“Well, don’t worry,” Dad says. “If you're interested, we'll find a way.” Some background noise. “I'll ask Olga to tell him you said hi.”
More background noise and then Mom says: “Or you can just add him on Facebook and write him a message.”
I let out a little snort, to which Dad says wryly: “I can see, you're not very interested.”
“No, but thanks a lot.” At the moment I hear Ari padding past the kitchen door. I step further from the door and say in a more muttered voice. “In fact, I am seeing someone.”
To this Mom and Dad start talking excitedly on top of each other and their voices break up. “Mom, Dad,” I shout. “Sorry, I have to go, I left the bathroom tap on. Talk soon!”
I hang up. I imagine how they must have come up with this idea of introducing me to someone. Mom must have been sitting on the couch in her usual bathrobe, and Dad was sprawled in the big velvet armchair. Maybe they were both drinking cognac. I imagine how they were discussing the fact that I am alone and trying to find solutions. Maybe Dad clicks his tongue and sinks deeper into the armchair, looking upwards, as he always does when he is thinking. Mom stares into space.
But I am not alone. I have Ari. Will I ever be able to tell them that I am setting a girl?
I realise that I am shivering and I look down to see that I am standing in a puddle of water. When I turn around to head back to the bathroom, Ari comes into the kitchen from the balcony.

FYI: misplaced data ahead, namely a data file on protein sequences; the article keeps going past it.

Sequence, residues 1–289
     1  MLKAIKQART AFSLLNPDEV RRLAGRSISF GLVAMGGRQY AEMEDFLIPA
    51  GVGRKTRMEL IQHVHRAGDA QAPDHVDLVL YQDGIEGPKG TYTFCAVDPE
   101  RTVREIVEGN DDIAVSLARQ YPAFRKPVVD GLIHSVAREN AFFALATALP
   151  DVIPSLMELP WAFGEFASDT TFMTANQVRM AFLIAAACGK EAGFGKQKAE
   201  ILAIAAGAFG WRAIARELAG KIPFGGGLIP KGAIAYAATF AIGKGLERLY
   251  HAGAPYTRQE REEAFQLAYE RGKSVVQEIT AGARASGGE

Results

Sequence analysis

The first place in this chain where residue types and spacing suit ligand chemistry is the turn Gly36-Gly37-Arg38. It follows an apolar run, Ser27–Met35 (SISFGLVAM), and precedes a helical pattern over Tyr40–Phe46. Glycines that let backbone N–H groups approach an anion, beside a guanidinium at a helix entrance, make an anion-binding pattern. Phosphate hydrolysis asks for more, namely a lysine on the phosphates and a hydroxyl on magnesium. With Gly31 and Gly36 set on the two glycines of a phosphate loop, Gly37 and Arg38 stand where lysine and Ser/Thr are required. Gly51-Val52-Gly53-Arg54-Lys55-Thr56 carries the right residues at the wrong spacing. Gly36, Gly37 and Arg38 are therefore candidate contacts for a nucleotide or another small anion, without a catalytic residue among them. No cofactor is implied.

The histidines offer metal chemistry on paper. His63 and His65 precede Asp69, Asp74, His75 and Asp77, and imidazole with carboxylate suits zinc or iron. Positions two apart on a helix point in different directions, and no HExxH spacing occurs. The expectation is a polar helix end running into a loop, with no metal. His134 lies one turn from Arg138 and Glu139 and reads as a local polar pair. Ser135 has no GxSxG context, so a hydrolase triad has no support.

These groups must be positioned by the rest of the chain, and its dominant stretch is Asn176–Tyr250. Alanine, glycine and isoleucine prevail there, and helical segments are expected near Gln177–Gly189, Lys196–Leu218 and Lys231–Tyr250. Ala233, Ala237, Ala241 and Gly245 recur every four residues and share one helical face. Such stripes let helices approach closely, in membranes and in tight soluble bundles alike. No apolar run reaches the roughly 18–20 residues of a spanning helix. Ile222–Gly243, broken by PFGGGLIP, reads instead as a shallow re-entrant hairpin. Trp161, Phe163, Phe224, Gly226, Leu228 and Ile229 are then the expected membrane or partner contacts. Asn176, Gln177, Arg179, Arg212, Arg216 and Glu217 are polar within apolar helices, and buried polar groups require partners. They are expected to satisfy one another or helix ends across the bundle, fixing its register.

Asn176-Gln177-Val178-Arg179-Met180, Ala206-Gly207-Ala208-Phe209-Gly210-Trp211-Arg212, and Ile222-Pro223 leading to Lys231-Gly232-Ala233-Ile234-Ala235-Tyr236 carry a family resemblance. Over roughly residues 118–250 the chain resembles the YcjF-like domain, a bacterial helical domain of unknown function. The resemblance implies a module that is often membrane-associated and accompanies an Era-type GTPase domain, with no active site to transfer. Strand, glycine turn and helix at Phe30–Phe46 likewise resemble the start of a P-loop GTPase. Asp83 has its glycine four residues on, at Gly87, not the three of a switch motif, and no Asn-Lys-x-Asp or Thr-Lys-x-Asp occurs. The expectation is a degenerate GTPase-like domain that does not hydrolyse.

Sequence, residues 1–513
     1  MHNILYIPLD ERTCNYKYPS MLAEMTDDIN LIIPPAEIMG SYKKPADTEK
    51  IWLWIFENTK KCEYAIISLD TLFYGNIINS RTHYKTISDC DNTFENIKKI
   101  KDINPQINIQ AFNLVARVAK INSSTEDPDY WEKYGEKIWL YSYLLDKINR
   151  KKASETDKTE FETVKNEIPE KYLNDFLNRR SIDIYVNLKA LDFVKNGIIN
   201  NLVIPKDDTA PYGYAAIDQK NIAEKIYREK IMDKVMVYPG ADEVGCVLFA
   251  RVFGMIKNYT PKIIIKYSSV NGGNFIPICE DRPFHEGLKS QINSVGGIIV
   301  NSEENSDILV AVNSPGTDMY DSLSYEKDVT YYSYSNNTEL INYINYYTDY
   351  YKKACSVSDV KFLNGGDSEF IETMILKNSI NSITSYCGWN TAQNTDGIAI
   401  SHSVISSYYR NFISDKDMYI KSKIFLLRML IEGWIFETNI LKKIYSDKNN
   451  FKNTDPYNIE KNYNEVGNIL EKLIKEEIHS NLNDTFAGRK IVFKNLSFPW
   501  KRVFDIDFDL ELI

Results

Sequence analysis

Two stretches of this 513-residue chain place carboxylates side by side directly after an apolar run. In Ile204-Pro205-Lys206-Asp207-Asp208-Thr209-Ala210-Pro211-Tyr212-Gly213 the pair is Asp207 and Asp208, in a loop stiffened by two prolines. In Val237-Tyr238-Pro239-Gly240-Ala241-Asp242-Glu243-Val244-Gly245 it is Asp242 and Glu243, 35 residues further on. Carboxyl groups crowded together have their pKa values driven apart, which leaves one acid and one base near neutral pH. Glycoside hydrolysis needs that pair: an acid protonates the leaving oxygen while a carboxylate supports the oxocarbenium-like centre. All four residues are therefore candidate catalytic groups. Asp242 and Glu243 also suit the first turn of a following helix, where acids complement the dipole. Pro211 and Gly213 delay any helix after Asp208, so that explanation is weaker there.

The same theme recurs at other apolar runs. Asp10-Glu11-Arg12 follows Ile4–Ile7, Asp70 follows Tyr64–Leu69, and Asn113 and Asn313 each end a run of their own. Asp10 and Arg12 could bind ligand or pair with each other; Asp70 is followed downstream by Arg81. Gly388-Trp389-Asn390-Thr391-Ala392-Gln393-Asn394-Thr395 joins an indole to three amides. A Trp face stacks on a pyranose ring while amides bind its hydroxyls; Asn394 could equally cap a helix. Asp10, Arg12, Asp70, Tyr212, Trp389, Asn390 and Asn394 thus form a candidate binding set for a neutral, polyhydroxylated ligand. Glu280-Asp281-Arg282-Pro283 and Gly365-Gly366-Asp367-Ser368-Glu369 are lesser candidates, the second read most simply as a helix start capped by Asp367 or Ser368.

“Do your parents know we live together?”
“Umm, no..” I mutter.
“Are you going to tell them?”
I prefer not to, but I say, “Eventually.”
Her face darkens.
“Soon,” I say.
Ari presses her lips together. “Look,” her voice is quiet but firm. “You're a grown-up person. What are you afraid of all the time?”
My stomach tightens. “Look, they are not as open as your parents…” I take a step towards Ari.
Ari shakes her head and says nothing.
“On top, you know they give me some money, and I need it,” I continue.
To this Ari blows the air out, raises her hand as if to say ‘i don’t wanna know’, turns and leaves the kitchen. I follow her to the living room. The balcony door swings shut. Ari sits on a balcony chair, back turned towards me, and lights another cigarette.
When she is upset, she gives me the cold shoulder. This is probably the most torturing treatment I have ever received. I imagined that here, in the South of Europe, when people are upset, they scream at each other and they throw objects and they swear and slam doors, and make scenes, and pack bags.
But Ari is not like that. I don’t know how to deal with this accusatory silence. Or maybe I just think it’s accusatory. Maybe it’s not like that at all. Maybe her silent back doesn’t leak dank and cold vibrations, maybe it’s just my paranoia. And that’s the worst of it, I don’t know if I am imagining all this and she is really fine, but I can’t ask because this silence and her body language paralyse my will, and all I want is to hide in a corner with my eyes closed and wait for all this to be over.